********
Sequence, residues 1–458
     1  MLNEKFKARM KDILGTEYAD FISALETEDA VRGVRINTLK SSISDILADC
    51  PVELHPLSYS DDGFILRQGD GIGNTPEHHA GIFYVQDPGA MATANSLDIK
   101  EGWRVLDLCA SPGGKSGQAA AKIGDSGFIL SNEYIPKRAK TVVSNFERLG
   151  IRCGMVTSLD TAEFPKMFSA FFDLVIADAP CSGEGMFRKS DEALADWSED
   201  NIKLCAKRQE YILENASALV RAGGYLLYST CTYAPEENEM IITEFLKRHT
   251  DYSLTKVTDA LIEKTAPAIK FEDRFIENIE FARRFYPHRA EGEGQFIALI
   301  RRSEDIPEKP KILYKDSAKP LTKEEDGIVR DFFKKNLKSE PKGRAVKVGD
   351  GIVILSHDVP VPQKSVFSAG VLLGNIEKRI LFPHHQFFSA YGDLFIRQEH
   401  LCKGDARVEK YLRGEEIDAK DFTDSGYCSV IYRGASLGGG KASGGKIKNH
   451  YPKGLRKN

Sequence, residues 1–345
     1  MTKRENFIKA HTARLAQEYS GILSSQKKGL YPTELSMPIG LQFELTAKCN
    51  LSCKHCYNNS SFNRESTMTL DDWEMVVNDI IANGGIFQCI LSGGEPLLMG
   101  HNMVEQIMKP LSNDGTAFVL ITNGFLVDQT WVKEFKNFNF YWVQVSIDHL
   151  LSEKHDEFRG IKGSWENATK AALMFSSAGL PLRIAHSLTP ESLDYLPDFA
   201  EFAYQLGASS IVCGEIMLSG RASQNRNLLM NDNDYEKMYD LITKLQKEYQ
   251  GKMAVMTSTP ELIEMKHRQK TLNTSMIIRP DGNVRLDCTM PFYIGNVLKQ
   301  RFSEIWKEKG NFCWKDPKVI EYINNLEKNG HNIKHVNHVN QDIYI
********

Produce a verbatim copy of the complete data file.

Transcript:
Sequence, residues 1–458
     1  MLNEKFKARM KDILGTEYAD FISALETEDA VRGVRINTLK SSISDILADC
    51  PVELHPLSYS DDGFILRQGD GIGNTPEHHA GIFYVQDPGA MATANSLDIK
   101  EGWRVLDLCA SPGGKSGQAA AKIGDSGFIL SNEYIPKRAK TVVSNFERLG
   151  IRCGMVTSLD TAEFPKMFSA FFDLVIADAP CSGEGMFRKS DEALADWSED
   201  NIKLCAKRQE YILENASALV RAGGYLLYST CTYAPEENEM IITEFLKRHT
   251  DYSLTKVTDA LIEKTAPAIK FEDRFIENIE FARRFYPHRA EGEGQFIALI
   301  RRSEDIPEKP KILYKDSAKP LTKEEDGIVR DFFKKNLKSE PKGRAVKVGD
   351  GIVILSHDVP VPQKSVFSAG VLLGNIEKRI LFPHHQFFSA YGDLFIRQEH
   401  LCKGDARVEK YLRGEEIDAK DFTDSGYCSV IYRGASLGGG KASGGKIKNH
   451  YPKGLRKN

Sequence, residues 1–345
     1  MTKRENFIKA HTARLAQEYS GILSSQKKGL YPTELSMPIG LQFELTAKCN
    51  LSCKHCYNNS SFNRESTMTL DDWEMVVNDI IANGGIFQCI LSGGEPLLMG
   101  HNMVEQIMKP LSNDGTAFVL ITNGFLVDQT WVKEFKNFNF YWVQVSIDHL
   151  LSEKHDEFRG IKGSWENATK AALMFSSAGL PLRIAHSLTP ESLDYLPDFA
   201  EFAYQLGASS IVCGEIMLSG RASQNRNLLM NDNDYEKMYD LITKLQKEYQ
   251  GKMAVMTSTP ELIEMKHRQK TLNTSMIIRP DGNVRLDCTM PFYIGNVLKQ
   301  RFSEIWKEKG NFCWKDPKVI EYINNLEKNG HNIKHVNHVN QDIYI